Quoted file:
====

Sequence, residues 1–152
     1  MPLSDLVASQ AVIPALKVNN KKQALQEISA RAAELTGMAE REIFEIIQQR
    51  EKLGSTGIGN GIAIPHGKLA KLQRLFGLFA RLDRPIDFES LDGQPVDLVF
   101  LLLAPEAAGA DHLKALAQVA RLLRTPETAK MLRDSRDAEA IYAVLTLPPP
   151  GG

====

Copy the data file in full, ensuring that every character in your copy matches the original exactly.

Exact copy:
Sequence, residues 1–152
     1  MPLSDLVASQ AVIPALKVNN KKQALQEISA RAAELTGMAE REIFEIIQQR
    51  EKLGSTGIGN GIAIPHGKLA KLQRLFGLFA RLDRPIDFES LDGQPVDLVF
   101  LLLAPEAAGA DHLKALAQVA RLLRTPETAK MLRDSRDAEA IYAVLTLPPP
   151  GG